Models of physiological systems facilitate rational experimental design, inference, and prediction. A recent construct of regulated growth hormone (GH) secretion interlinks the actions of GH-releasing hormone (GHRH), somatostatin (SRIF), and GH secretagogues (GHS) with GH feedback in the rat (Farhy LS, Veldhuis JD. Am J Physiol Regul Integr Comp Physiol 288: R1649-R1663, 2005). In contrast, no comparable formalism exists to explicate GH dynamics in any other species. The present analyses explore whether a unifying model structure can represent species- and sex-defined distinctions in the human and rodent. The consensus principle that GHRH and GHS synergize in vivo but not in vitro was explicable by assuming that GHS 1) evokes GHRH release from the brain, 2) opposes inhibition by SRIF both in the hypothalamus and on the pituitary gland, and 3) stimulates pituitary GH release directly and additively with GHRH. The gender-selective principle that GH pulses are larger and more irregular in women than men was conferrable by way of 4) higher GHRH potency and 5) greater GHS efficacy. The overall construct predicts GHRH/GHS synergy in the human only in the presence of SRIF when the brain-pituitary nexus is intact, larger and more irregular GH pulses in women, and observed gender differences in feedback by GH and the single and paired actions of GHRH, GHS, and SRIF. The proposed model platform should enhance the framing and interpretation of novel clinical hypotheses and create a basis for interspecies generalization of GH-axis regulation.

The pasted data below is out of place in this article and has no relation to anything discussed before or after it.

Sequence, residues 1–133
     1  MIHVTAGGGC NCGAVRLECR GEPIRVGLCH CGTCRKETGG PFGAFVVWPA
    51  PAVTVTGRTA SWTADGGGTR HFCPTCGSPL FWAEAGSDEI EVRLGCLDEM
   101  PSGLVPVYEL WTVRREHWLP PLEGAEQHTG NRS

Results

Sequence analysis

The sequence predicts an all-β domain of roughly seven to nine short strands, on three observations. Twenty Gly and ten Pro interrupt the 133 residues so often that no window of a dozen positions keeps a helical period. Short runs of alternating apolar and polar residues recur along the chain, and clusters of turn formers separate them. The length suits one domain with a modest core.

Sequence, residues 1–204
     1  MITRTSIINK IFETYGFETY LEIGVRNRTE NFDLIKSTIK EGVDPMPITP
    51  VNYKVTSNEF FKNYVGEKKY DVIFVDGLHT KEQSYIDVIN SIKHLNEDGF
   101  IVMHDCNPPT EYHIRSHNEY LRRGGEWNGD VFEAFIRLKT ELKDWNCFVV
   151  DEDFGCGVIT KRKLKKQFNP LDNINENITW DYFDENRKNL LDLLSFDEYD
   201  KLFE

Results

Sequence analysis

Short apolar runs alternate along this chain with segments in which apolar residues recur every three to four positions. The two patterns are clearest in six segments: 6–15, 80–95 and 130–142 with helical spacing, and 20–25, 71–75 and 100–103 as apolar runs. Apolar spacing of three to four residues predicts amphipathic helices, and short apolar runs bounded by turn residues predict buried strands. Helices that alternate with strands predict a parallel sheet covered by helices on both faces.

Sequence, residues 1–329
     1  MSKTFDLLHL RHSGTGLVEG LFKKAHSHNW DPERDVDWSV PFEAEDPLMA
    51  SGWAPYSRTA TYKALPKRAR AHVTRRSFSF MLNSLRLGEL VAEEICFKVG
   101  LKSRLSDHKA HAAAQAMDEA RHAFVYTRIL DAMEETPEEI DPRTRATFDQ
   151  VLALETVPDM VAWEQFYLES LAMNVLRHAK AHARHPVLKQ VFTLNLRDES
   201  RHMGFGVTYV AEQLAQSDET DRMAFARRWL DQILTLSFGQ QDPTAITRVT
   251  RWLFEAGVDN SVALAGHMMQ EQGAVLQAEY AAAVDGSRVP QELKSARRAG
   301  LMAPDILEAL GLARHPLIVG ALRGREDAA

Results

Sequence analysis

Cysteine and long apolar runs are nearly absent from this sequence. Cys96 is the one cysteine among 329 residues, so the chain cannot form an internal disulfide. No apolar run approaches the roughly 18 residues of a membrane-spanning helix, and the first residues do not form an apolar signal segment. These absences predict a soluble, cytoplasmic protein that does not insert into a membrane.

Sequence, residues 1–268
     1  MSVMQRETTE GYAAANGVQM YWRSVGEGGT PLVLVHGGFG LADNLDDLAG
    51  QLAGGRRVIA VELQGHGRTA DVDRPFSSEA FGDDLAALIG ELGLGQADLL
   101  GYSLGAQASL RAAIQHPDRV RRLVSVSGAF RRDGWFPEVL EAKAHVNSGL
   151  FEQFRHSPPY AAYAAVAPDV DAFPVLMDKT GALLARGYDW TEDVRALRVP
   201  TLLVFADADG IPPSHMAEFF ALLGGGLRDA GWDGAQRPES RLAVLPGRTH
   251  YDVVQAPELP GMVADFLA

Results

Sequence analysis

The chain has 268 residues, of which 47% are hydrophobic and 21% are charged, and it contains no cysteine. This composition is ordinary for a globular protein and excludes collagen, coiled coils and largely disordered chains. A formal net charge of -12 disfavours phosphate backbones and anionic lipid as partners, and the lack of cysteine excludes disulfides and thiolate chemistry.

|Original language||English (US)|
|Journal||American Journal of Physiology - Regulatory Integrative and Comparative Physiology|
|State||Published - Apr 2007|
- Growth hormone secretagogues
- Growth hormone-releasing hormone
ASJC Scopus subject areas
- Physiology (medical)